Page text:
Africa, Civil Society, Democracy, Newsbrief, TerraViva United Nations


Sparks Fly As Sierra Leone’s VP Is Expelled From Party

NEW YORK, Mar 17 2015 (IPS) - An internal war is roiling the administration of President Ernest Bai Koroma with the Vice President, Samuel Sam-Sumana, at dead center. The VP, expelled last week from the ruling All People’s Congress (APC), is said to be forming a rival political movement from his home district in Kono, the country’s raw diamond capital, and an election decider.

Tensions grew so hot this week that President Koroma sent soldiers to surround Sam-Sumana’s home. This prompted the VP to put in a hurried asylum request with the U.S. embassy which has taken no action on the matter as yet.

“I have fled my house and am with my wife in a place I cannot disclose, waiting to hear from the U.S. Ambassador, whom I have asked for asylum,” Mr. Sam-Sumana told local media.

“I don’t feel safe this morning as vice-president,” he told the AP news agency by phone. He said he had spoken to US Ambassador John Hoover and was waiting for a response.

It’s not the first crisis for the Vice President, son of an influential ruling family. In 2011 his office was identified in a TV documentary investigating illegal logging. The matter was dubbed “Timbergate” by the press.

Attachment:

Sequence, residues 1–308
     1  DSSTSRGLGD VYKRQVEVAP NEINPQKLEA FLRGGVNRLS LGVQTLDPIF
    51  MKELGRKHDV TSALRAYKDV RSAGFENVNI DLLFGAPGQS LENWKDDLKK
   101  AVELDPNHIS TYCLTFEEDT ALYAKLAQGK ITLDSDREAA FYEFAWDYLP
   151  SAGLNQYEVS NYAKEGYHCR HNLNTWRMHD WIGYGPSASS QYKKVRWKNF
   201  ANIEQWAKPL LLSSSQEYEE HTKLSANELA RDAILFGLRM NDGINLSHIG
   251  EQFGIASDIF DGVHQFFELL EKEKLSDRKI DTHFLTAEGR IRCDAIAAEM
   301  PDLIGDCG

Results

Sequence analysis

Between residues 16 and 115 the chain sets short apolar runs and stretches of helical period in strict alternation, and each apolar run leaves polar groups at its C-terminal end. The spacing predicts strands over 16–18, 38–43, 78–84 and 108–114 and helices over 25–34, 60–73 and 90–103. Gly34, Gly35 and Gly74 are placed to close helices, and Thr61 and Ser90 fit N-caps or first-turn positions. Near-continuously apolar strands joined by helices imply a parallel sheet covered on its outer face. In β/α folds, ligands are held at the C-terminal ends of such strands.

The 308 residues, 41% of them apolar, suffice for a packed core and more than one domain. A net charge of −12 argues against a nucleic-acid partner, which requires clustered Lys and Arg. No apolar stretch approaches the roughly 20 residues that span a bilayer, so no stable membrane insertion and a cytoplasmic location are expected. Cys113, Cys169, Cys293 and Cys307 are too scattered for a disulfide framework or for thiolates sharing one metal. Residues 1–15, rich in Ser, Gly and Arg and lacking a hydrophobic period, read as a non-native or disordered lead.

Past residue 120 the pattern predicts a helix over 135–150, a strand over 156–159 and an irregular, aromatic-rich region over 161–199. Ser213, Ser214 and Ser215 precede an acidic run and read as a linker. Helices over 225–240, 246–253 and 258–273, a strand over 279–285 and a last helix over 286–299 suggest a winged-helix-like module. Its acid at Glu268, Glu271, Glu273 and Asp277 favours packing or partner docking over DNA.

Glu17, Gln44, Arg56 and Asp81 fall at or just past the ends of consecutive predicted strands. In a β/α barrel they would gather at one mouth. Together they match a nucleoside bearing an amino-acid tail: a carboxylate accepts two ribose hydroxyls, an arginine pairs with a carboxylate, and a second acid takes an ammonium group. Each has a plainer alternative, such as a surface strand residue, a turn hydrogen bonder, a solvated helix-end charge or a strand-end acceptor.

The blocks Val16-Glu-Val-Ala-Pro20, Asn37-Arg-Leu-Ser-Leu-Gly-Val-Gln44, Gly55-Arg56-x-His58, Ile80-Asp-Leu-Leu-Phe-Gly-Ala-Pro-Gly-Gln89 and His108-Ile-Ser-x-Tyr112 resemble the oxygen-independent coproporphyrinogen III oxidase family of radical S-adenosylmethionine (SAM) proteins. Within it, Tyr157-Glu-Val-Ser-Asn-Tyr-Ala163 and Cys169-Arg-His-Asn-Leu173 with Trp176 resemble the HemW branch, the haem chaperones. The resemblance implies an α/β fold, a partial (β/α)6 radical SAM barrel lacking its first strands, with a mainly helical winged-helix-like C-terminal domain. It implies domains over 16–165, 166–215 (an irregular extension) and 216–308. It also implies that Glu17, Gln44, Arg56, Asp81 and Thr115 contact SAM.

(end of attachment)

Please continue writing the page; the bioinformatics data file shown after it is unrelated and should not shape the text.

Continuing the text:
Other serious problems with the Vice President were quietly dismissed by the President. This became an irritant for the Campaign for Good Governance, a civil society group, which asked why Sam Sumana had not “cleared his name from the many allegations such as the cocaine trade and illegal timber logging that were brought against him while he was vice president in the last five years”.

“As an independent organisation, we want to see people with integrity and a clean record in our governance system,” Valnora Edwin was quoted to have said.

In the decision to expel Sam-Sumana, after a three month investigation, the VP was accused of “inciting anti-party activity, fermenting violence, deceit, false statement amounting to fraud, inciting hate, threatening the personal security of key party functionaries, flouting of rulings and decisions of the party, carrying out anti-party propaganda, and engaging in activities inconsistent with the achievement of the party’s objectives.”

Further, it was alleged, the Vice President had falsified his academic qualification – that he has a graduate degree – lied that he was Muslim prior to his selection as running-mate in 2007, and was the mastermind of political violence against party comrades in the volatile Kono district.

On the announcement of the expulsion, a large crowd gathered at party headquarters to celebrate despite the ban on such events under public emergency laws to control the spread of Ebola. The president himself was seen smiling and waving as his motorcade slowly made its way through the cheering crowd. Under the constitution, Sam Sumana cannot be fired but only impeached or removed for sufficient cause.

“Whatever way this political struggle for power and influence go, it serves as an unnecessary distraction to our fight to end the Ebola outbreak,” observed Abu-Bakarr Sheriff in a Concord Times editorial. Most significantly, it would vindicate the view that President Koroma committed an error in judgment by retaining a man with more than a fair share of scandals as the second gentleman of the republic.”

Edited by Roger Hamilton-Martin

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